Chrysanthemums are beautiful, delicate flowers, which often symbolize happiness. In the short story, “The Chrysanthemums,” John Steinbeck walks the readers through the lives of Elisa and Henry Allen. They live on a foothill ranch in Salinas Valley, California, where they spend most of their days living a simple lifestyle. The Allens focus their time on maintaining their ranch, but in the eyes of Elisa, this meant more time for her to tend to her beloved chrysanthemums. Steinbeck incorporates quizzical diction and repetition to characterize Elisa and to define happiness, to convey the message that it is more important to be happy than to try to please everybody else.
‘The Farmer’s Bride’ was written in the 19th century in what, today, would be seen as a misogynistic and patriarchal environment; Charlotte Mew uses this to induce the female audience as they are able to empathise with the farmer’s bride, who may be seen as a symbolic representation of all women in the era, when the poet tells us the farmer ‘chose’ her as his ‘maid’ in the first line. This informs us that the young girl had no choice in her marriage already conveying her as powerless and through the use of ‘maid’ the audience assume, due to the time period, that the farmer is much older than his bride perhaps depicting the girl as vulnerable, weak and innocent, therefore,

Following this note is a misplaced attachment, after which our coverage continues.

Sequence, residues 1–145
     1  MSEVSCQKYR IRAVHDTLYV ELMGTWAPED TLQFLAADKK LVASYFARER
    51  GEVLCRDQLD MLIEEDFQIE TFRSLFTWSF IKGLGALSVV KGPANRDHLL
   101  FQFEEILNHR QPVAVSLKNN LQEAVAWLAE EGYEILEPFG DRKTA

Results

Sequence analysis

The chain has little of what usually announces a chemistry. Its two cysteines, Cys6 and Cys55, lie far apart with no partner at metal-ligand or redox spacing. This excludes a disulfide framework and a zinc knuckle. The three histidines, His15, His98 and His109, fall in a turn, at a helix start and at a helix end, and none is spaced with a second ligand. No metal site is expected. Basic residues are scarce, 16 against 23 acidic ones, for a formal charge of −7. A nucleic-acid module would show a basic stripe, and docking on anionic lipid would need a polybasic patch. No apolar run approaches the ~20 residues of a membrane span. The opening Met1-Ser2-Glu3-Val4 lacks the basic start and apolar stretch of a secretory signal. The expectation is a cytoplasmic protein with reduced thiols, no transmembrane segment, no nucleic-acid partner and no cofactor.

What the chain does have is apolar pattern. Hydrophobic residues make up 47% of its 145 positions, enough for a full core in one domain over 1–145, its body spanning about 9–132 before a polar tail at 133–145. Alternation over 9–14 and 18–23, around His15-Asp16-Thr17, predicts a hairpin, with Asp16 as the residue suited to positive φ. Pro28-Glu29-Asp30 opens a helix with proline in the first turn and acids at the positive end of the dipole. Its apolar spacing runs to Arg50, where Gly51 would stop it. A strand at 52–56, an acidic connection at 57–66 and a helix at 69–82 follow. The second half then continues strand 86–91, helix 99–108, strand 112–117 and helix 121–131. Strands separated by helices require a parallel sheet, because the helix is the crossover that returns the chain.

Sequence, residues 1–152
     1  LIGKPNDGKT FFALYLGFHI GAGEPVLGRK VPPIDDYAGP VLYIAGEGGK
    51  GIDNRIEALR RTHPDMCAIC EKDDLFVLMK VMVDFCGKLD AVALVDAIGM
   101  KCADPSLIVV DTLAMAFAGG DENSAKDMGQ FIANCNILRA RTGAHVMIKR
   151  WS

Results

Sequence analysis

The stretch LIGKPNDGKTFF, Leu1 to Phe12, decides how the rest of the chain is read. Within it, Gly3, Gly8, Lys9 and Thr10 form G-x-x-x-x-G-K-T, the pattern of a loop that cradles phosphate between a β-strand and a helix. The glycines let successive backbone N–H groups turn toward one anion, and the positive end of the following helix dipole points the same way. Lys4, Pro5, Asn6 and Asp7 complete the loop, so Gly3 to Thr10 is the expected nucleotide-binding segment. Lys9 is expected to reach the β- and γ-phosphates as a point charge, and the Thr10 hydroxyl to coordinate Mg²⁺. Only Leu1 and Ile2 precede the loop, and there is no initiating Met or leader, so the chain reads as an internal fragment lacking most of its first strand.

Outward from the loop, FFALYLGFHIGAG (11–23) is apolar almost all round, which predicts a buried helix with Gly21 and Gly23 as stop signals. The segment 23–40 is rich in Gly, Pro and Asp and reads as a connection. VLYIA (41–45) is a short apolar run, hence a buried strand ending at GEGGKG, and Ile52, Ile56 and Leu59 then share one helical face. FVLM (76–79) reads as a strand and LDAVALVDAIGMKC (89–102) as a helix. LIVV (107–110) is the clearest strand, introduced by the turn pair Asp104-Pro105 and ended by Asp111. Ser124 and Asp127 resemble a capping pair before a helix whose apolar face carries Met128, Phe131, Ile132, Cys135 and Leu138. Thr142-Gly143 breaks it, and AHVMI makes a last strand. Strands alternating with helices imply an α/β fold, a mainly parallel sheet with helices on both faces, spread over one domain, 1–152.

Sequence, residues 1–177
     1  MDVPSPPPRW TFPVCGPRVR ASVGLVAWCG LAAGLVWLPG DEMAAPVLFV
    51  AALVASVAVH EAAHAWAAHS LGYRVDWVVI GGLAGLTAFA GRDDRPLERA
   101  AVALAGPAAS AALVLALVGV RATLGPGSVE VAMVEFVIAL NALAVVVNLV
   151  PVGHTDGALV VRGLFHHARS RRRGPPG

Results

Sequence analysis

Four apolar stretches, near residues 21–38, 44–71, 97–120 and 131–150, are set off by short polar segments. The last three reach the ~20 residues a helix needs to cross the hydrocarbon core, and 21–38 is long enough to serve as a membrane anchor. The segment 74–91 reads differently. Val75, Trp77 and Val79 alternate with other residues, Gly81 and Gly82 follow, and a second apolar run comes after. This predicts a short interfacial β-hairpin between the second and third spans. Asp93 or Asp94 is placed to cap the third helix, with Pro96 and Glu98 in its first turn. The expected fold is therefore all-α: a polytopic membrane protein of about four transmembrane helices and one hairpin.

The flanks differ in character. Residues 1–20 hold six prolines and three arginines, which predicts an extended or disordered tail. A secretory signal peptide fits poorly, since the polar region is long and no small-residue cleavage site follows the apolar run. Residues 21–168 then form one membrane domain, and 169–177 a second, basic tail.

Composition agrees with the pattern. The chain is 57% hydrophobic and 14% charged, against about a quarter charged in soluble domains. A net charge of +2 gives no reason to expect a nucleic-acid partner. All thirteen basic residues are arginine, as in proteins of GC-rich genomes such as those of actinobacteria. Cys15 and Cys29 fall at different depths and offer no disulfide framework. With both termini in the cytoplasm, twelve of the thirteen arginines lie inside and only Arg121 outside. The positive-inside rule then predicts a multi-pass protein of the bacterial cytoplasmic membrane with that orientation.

Writers and poets often spread deep meaning in ordinary things: bowl can represent our parents’ heritage, food can represent our relationships with people and chocolate bar can be a symbol of childhood or green tea can be a symbol of love. Those simple things can be really meaningful, but mostly all authors understood the meaning of those objects and the value of the moments that they had lived only after several years. To take things for granted is a human nature, isn’t it?
Figurative language has a tremendous influence on literature because it enlivens the words and makes them jump off the page. This allows the reader to visualize the scene in a unique, explicit way. Laurie Anderson’s Speak demonstrates an abundant use of figurative language. Figurative language appears in various forms; this includes simile, metaphor, personification, symbol, hyperbole and more. Speak is a book written about the internal and external conflicts that protagonist, Melinda faces after being raped by Andy Evans (“IT”) and hated by her peers for ruining an end-of-summer party. This has traumatized Melinda and she is too afraid to speak up. Anderson enhances the big theme of sadness and depression through similes, metaphors,